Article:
Hi! My name is Erin and write a frugal lifestyle blog over at View From Our Terrace. I have put together a series of posts on cloth diapering that includes information about types of cloth diapers and their accessories, how to clean cloth diapers, and finally the cost of cloth diapering. I hope that this mini-series proves to be helpful and informative!
If you have not read the first two posts in the series, check them out – the first one is all about the different types of cloth diapers and accessories and the second is about cleaning cloth diapers.
As mentioned in the beginning, there is definitely an initial up-front investment cost when it comes to cloth diapering that does not exist for disposable diapers. Especially in the early stages, if you had generous friends and family, you probably have a nice little stockpile of disposable diapers.
However, depending on the style and brand of diapers that you invest in, the initial cost can be managed. Additionally, there are other options to reduce your cost such as buying used diapers (much more popular than you would think!) or applying for a program that offers assistance based on income. More on both of those options in this post.
Warning: This post is a little more heavy on numbers, but I have tried to highlight the important numbers – the total spent cloth diapering and the comparison to disposables!
Cost of Cloth Diapering
First of all, take a look at the list of the different types of cloth diapers in my first post in this series. I listed them in order from cheapest to most expensive type, but keep in mind that the brand you choose can make a big impact on the price, so that order is not set in stone. I linked to an online cloth diapering retailer that offers multiple brands so that you could get an idea of the different price points.
My Personal Experience with the Cost of Cloth Diapering
Here is the breakdown of my experience with the cost of cloth diapering. As a first time mom with a small budget to spend on diapers (since I was still working at the time) I went the route of buying new cloth diapers, but in a bundle to reduce the cost a bit.
Year #1 Diapering Costs
$425 – This is how much my bundle of cloth diapers cost me brand new. It included 12 diaper covers, 24 organic cotton inserts, 4 boosters, and 50 disposable inserts. I bought these hybrid diapers, which can be used with disposable inserts if you desire.
$158 – Over the course of the first year I spent this amount on necessary accessories including a large wet bag, a small wet bag (for the diaper bag), cloth diaper safe diaper cream, two reusable swim diapers, a pack of disposable swim diapers, and refills for my diaper genie.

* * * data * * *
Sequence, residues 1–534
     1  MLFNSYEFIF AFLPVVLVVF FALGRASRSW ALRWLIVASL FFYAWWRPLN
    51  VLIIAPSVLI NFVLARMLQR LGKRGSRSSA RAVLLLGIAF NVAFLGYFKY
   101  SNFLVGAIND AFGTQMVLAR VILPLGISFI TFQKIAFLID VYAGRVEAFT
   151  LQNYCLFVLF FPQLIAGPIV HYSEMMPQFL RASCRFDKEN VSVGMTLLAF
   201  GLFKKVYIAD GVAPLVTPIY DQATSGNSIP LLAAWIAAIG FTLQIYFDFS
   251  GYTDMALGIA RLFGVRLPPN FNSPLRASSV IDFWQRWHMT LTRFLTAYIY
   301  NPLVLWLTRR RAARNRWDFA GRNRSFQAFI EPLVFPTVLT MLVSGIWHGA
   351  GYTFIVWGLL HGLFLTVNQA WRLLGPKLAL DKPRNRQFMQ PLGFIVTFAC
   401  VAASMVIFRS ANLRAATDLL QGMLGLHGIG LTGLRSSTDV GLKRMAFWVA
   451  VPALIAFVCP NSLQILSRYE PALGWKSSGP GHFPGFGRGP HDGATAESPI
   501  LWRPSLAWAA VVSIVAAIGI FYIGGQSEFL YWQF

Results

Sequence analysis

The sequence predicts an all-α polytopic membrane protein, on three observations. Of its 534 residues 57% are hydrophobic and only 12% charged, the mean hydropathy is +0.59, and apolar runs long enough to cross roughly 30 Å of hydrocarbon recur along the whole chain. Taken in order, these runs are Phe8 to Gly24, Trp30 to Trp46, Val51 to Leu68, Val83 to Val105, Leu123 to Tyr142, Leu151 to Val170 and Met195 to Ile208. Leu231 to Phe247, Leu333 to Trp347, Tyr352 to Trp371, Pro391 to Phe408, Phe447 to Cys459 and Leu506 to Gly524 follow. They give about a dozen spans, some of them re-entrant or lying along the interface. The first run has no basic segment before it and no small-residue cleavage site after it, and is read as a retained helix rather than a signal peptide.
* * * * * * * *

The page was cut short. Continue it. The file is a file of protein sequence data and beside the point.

$80 – This is how much I spent on wipes in the first year. I buy the bulk package of Kirkland wipes at Costco. Keep in mind that I had tons of wipes stocked up from baby showers and gifts, but these wipes still go the distance!
$265 – This was the additional amount I spent on other diapers and accessories that may or may not be necessary depending on your situation and preferences.
This included laundry pods to deep clean the diapers, conversion of my velcro diapers into snap diapers, an additional pack of the disposable inserts, three packs of the diaper liners when my daughter started solids, two “extra” cloth diapers in the fitted style (these were just for fun), a pack of disposables, and a pack of overnight disposables (these were both for traveling). I had other disposable diapers that I used but they were all given to me as gifts.
Overall, we spent about $930 diapering our daughter in her first year.
Year #2 Diapering Costs
$203 – This year I bought another pack of the laundry pods, two more diaper covers, a new overnight cloth diaper, two reusable training pants, another wet bag for my diaper bag, diaper genie refills, and some disposables for the new baby.
$80 – This is how much I spent on wipes this year.
Overall, we spent about $280 diapering our daughter in the second year.
Just in case you hate math, that is approximately $1210 to cloth diaper one child for two years.
This number is pretty accurate for exclusively cloth diapering but I will say that my mother-in-law did get a great deal on some Honest company disposables and gave me a bunch of packs.